A week before writing this, we got our first cold day of the season in central Virginia, where I live. It was time to swap out my handmade summer dresses for clothes that cover my legs. As I pulled out my favorite jeans from last year, I wondered if they’d still fit.
The zipper went right up, and my jeans felt like home. But I noticed there was a big hole in the seat that needed to be patched. Not everyone gets excited about having a piece of their jeans missing, but for me, any excuse to sew is a happy occurrence. As a teenager, I’d sit at the sewing machine, bang out a new dress, and be wearing it at a party an hour later. But these days, I take my time. It’s my practice that I call mendfulness. Like mindfulness meditation, it involves a conscious placing of the mind. In meditation, you focus on your breath. In mendfulness, you put your awareness on the feeling of your fingers on the fabric, the needle, and the thread moving through each stitch.
So I carried my jeans down the hall to my sewing supply shelf—the biggest baker’s shelf you can buy. On the middle tier is a wine crate stuffed with patterns and a couple of Ganesha lunch boxes that hold rickrack, ribbon, other trims, and elastic. Stacks of blue, black, red, and patterned fabric make neat rows. There’s soft corduroy and velvet for winter and, behind it, the cotton ikat and linen for warmer months. My beloved collection of odd-shaped scraps pours out of a woven barrel.
I knelt down and fingered each piece in my fabric stash to find something that was the right size, with some stretch and a good amount of strength. After all, this patch was going to be sewn in the same spot as last year’s repair. I tend to wear a hole in the same place, year after year. I decided on a sturdy piece of Japanese indigo material dyed in the traditional shibori way that was left over from the pillows I made for my bed last year. No fabric ever gets thrown out in this house.
Sometimes, when my attention strays, I think about how sewing a patch is a little like practicing vinyasa, which is Sanskrit for “placing in a special way.” Vinyasa includes three parts: arising, abiding, and dissolving—and ultimately, the dissolving of one thing is the arising of the next. This pulls my attention back to the needle going into the fabric, pulling through, and coming out the other side—arising, abiding, and dissolving. Part of these jeans had dissolved, and now a patch would arise, stitch by stitch, breath by breath.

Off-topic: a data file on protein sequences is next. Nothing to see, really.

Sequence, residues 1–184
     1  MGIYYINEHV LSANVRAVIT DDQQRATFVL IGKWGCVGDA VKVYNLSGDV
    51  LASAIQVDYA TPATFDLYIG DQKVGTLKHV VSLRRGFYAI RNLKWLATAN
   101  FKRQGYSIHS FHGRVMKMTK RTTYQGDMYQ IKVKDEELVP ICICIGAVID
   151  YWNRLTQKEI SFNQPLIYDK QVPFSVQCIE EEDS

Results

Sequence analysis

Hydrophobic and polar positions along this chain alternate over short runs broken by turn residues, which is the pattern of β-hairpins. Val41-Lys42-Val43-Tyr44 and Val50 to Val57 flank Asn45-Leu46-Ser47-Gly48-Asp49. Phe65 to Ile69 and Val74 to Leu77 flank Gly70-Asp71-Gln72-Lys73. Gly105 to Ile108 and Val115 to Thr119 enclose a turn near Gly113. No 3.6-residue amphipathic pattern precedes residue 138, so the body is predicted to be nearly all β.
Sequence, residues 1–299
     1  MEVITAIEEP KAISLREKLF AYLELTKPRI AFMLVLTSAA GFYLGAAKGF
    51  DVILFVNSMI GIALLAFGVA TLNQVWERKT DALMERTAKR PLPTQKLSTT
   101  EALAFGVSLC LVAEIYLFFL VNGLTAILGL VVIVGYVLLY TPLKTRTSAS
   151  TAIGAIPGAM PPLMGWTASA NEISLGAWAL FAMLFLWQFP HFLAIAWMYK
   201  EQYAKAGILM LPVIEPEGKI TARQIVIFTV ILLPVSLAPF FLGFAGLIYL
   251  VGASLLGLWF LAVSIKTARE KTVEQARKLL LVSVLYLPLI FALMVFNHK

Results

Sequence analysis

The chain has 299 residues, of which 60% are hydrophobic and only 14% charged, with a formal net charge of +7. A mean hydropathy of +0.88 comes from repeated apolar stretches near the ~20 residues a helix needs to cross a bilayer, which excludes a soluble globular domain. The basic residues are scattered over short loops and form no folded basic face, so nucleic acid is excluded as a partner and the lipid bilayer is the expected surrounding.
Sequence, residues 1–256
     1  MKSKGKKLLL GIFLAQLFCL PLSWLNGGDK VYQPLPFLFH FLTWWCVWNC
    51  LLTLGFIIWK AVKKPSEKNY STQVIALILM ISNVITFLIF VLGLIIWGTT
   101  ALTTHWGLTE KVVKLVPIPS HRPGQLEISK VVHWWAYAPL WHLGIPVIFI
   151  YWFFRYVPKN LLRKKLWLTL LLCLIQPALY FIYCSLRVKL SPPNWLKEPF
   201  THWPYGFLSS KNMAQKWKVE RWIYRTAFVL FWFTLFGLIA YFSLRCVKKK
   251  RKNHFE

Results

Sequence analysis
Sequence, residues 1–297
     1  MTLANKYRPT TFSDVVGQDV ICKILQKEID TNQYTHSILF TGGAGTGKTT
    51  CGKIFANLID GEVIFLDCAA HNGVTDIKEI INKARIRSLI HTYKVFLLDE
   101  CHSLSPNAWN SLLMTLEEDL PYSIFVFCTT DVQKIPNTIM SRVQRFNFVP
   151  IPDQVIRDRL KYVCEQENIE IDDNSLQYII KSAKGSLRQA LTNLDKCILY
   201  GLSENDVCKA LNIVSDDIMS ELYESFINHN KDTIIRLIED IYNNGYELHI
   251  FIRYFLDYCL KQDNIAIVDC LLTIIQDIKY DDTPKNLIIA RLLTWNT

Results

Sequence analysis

Sometimes while stitching, my mind wanders back to the past, and I think about my mom, who taught me how to sew. She started me off with easy embroidery on pillowcases and, when I got older, I learned to make more complicated garments on the sewing machine. It fills my heart to think about this lineage of making and how it has evolved for me as I’ve learned about the global movement of sustainable and slow fashion.
Over the past 20 years, the traditional crafts of hand sewing, mending, and patching—once considered low-level skills practiced only by those who were too poor to purchase new clothes—have grown into Instagram-worthy art forms, thanks to the growing understanding that fast fashion is harmful to the environment and takes advantage of the earth’s limited resources. Fertilizer to grow cotton, chemicals used in dying, and oils for making synthetic fibers all make a huge contribution to global carbon emissions and wastewater. People (like me) who support the slow-fashion movement much prefer covering their skin with recycled, reimagined, and re-styled clothing—creative expressions of worldwide awareness and activism that offer a corrective to the fast-fashion approach of cheap, trendy, disposable garments.
It has become uncomfortably apparent that buying low-cost apparel—T-shirts, yoga pants, hoodies, even shoes—that get tossed out when they inevitably fall apart translates into bloated landfills, below-living wages, and dangerous factory conditions for textile workers. Simultaneously, the societal pressure to be on-trend with what we wear creates a certain kind of insatiable craving that is only momentarily satisfied until the next must-have item seduces us.
In 1999, I took a class with a teacher who called his decades of yoga practice “an exploration of what happens to my sternum when I press down my big toe.” In other words, yoga is about paying attention to the effects of our actions.
Everything can be yoga, even sewing. As I turned my pants inside out to reinforce the underside of the patch, I wondered who harvested the cotton for these jeans, who drove it to the factory? Who grew the indigo, and who dyed this fabric blue? Just like yoga, slow fashion can help us to understand our interdependence with each other and all that is.
As I made the final knot in the thread, I felt a sense of wholeness, or what we yogis call santosha, contentment. These perfectly good jeans are going to make it through another winter.
Ready to go deeper into your vinyasa practice? Join Cyndi’s six-week online course Slow Flow: Sustainable Yoga for Life.
Cyndi Lee, the author of five yoga books, is the first female Western yoga teacher to integrate yoga asana and Tibetan Buddhism in her practice and teaching. In 1998, she founded the OM Yoga Center in New York City. As one of the most influential teachers in the United States, Lee now focuses her teaching work on engaged yoga, meditation, and sustainability. Learn more at cyndilee.com.